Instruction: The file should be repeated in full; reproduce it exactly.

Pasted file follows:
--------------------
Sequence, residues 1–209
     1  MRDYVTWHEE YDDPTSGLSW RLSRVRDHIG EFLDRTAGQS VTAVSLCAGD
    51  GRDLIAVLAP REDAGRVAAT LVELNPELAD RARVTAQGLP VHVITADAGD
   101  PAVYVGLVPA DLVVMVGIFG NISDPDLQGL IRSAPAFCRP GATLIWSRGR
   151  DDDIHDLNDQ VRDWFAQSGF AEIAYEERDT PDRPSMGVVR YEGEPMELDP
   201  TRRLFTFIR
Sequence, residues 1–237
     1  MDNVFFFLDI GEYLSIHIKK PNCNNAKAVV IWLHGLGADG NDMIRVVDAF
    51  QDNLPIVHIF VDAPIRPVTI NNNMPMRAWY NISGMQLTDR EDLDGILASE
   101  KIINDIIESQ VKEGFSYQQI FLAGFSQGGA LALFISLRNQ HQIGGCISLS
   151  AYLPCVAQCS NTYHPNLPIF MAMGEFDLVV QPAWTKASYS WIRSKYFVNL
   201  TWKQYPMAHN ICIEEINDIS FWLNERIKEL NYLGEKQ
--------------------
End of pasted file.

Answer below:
Sequence, residues 1–209
     1  MRDYVTWHEE YDDPTSGLSW RLSRVRDHIG EFLDRTAGQS VTAVSLCAGD
    51  GRDLIAVLAP REDAGRVAAT LVELNPELAD RARVTAQGLP VHVITADAGD
   101  PAVYVGLVPA DLVVMVGIFG NISDPDLQGL IRSAPAFCRP GATLIWSRGR
   151  DDDIHDLNDQ VRDWFAQSGF AEIAYEERDT PDRPSMGVVR YEGEPMELDP
   201  TRRLFTFIR
Sequence, residues 1–237
     1  MDNVFFFLDI GEYLSIHIKK PNCNNAKAVV IWLHGLGADG NDMIRVVDAF
    51  QDNLPIVHIF VDAPIRPVTI NNNMPMRAWY NISGMQLTDR EDLDGILASE
   101  KIINDIIESQ VKEGFSYQQI FLAGFSQGGA LALFISLRNQ HQIGGCISLS
   151  AYLPCVAQCS NTYHPNLPIF MAMGEFDLVV QPAWTKASYS WIRSKYFVNL
   201  TWKQYPMAHN ICIEEINDIS FWLNERIKEL NYLGEKQ